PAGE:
Team:TU Eindhoven/RCA/Testing


iGEM Team TU Eindhoven 2014

iGEM Team TU Eindhoven 2014

Testing DBCO-PEG4-DBCO Product

Once the DBCO-primer product is constructed, there is a need to validate that it is functional. To do so, two functions of the DBCO-primer have to both be tested and shown to function, the ability of DBCO to click to azide-groups in COMPx and the DNA to form hydrogen bonds with complementary DNA. Both of these were evaluated in a single step in which the product was reacted with cells expressing COMPx and later labelled with a fluorescent DNA-probe. This was then put in the FACS machine to determine the difference between unlabelled cells, cells with the primer clicked to the surface and cells labelled with DBCO-PEG4-5/6TAMRA. From these results it was concluded that the product still functioned as expected.

Figure 1. Overlay of the different FACS graph. A shift to the
right side means higher average fluorescence per sample. This
shows that our clickable DNA oligo is still functioning, however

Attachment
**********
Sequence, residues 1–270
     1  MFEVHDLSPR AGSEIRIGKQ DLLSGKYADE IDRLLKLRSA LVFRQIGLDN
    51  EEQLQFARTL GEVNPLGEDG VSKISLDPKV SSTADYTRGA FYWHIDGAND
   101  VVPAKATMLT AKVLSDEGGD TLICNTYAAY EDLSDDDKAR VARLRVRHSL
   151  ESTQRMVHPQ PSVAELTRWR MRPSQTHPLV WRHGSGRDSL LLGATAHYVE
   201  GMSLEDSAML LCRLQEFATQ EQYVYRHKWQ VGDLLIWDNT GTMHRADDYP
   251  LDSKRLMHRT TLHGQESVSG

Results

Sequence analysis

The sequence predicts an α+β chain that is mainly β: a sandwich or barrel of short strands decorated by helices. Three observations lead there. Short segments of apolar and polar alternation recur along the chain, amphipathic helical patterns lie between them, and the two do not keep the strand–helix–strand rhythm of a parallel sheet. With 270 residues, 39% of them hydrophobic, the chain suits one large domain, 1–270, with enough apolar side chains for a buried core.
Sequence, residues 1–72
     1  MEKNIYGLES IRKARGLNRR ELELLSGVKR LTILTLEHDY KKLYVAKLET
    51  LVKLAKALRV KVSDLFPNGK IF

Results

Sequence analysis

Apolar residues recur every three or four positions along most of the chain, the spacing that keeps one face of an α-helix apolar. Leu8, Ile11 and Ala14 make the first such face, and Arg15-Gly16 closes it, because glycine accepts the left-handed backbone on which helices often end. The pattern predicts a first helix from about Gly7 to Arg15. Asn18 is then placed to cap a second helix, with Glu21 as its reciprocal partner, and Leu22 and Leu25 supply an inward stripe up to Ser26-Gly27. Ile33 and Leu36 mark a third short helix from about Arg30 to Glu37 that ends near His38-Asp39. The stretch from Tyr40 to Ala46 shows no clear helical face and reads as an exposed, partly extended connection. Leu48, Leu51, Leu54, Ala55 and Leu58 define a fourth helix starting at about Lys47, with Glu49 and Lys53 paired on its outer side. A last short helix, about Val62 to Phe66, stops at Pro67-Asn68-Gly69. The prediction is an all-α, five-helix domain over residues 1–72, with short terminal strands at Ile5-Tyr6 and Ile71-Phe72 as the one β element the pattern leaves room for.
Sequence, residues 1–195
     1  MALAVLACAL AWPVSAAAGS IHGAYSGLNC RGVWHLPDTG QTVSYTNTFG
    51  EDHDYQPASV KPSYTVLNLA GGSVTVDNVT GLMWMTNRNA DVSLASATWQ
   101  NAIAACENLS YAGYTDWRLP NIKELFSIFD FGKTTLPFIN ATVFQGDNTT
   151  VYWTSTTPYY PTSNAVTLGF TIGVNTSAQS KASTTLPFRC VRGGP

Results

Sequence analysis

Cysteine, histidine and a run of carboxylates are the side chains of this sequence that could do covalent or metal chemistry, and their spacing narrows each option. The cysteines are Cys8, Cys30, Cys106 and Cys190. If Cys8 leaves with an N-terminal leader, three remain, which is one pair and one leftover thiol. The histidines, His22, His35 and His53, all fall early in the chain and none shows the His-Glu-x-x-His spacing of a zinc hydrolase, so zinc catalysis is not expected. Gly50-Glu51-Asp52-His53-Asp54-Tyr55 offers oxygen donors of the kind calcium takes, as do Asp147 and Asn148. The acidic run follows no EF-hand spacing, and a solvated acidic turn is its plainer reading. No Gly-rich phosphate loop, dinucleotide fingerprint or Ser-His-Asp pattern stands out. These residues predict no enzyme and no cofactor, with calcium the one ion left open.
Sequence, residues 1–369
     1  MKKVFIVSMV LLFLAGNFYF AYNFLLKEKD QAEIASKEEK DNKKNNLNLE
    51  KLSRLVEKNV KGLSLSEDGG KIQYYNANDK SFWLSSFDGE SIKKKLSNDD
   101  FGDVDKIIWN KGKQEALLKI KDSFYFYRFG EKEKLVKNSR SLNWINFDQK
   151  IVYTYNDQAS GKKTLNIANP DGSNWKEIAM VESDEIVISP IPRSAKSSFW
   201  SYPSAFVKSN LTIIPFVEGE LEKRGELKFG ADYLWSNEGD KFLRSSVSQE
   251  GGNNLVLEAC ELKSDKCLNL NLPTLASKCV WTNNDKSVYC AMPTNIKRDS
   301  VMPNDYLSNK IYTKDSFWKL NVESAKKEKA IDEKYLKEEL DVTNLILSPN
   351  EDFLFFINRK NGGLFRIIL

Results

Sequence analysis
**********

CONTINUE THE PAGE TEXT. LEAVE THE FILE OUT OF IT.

it also means that the bond is less effective than a covalently
attached fluorophore.


The previously created DBCO-PEG4-primer has to be tested in order to determine if it’s still functioning, thus making sure it can be used as a starting point for the Rolling Circle Amplification. To test this, cells expressing the COMPx protein where cultured and filtered from 2YT medium by down spinning. The cells were then resuspended in cold PBS so to stop cell division. All samples were then diluted to a concentration of 109 cells/mL. One sample of 200 µL was then kept on ice and not reacted any further, to serve as a negative control. One 200 µL sample was reacted with DBCO-PEG4-5/6TAMRA for 1 hour at 4°C and 500 rpm to check the effectiveness of the primer compared to a positive control. The last 200 µL sample was reacted with the DBCO-PEG4-primer for 1 hour at 4°C and 500 rpm. The last two samples were then isolated from PBS by down spinning once again. The sample labelled with primers was then incubated with a complementary fluorescent primer for 1 hour at 4°C and afterwards the unbound fluorescent probe was removed by spinning the cells down. All three samples were then run through the FACS machine to test for fluorescence. The graph below indicates that while the fluorescent primer didn’t give the same shift in measured fluorescence as the positive control, it did clearly bind to the complementary probe which was clicked to cells showing that the product formed was still fully functional.

For a complete protocol for this step click here

iGEM Team TU Eindhoven 2014